Overlanders of 1862

heading west I sketched
an ox as it ploughed forward
pulling the red river cart
without effort
passing buffalo bones piled high
we bagged ducks on the trail
trading for bison and berries
the days were long
I lingered over the pages
drawing, observing
along undulating hills
thirsty under the hot sun
wandering off in search of water

I remember the moment
the ox tried to run away from its cart
scattering goods, breaking
its harness
after crossing marshes, mudholes and creeks

crossing the Assiniboine on a scow
no grass to eat on the other side
oxen left behind
at Fort Edmonton
for mules and pack horses

men in mud to their waist
with shoulders to wheels of mired wagons
rough sketches
hauling on lines to prevent
carts and animals from running
down steep embankments

roasted skunk, food gone
guns, ammunition, belts
traded for salmon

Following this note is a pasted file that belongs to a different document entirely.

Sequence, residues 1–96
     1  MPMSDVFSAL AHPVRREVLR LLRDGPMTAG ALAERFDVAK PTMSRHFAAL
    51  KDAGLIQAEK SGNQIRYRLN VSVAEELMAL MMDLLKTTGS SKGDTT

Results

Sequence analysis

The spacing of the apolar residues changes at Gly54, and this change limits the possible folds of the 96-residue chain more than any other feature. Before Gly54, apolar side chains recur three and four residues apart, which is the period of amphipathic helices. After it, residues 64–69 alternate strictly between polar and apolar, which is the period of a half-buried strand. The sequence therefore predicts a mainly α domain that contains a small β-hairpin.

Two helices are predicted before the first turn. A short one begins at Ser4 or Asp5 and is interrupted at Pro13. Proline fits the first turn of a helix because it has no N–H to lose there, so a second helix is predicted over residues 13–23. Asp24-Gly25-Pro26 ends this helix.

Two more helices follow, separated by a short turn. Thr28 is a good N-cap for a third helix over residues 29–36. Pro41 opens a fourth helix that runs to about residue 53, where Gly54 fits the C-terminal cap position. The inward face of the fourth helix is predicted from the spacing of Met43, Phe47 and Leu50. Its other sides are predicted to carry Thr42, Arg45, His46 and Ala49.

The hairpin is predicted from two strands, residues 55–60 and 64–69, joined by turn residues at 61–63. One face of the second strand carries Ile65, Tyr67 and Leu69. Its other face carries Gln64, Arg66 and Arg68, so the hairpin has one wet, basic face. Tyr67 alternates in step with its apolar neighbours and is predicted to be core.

at Tête Jaune Cache
gold pans and pick axes unwanted
two months passed
I put away my sketchbook

the group divided, unsure
swift with rafts and canoes
along the Fraser or along the
North Thompson River
each trying to get to Fort George
lives lost
horses killed for food
I cannot sketch the pain

“Overlanders” was the name given to large organized groups who headed overland from Fort Garry, across the prairies and over the Rocky Mountains to the Cariboo where gold had been discovered in 1862.  One of the leaders of a large group of Overlanders, Thomas McMicking of Queenston, Canada West (Ontario) submitted his trip diary to the British Columbian newspaper which published it in November, 1862.

William George Richardson Hind (1833-1889) was an artist and Overlander. His drawings and watercolours of this crossing helped historians to understand and appreciate this unique part of Canadian history. You can view Hind’s sketchbook online at the Public Archives of Canada. Previously, his brother, Henry Youle Hind, who was a surveyor and academic, had led government exploring expeditions to the Labrador region and the prairies.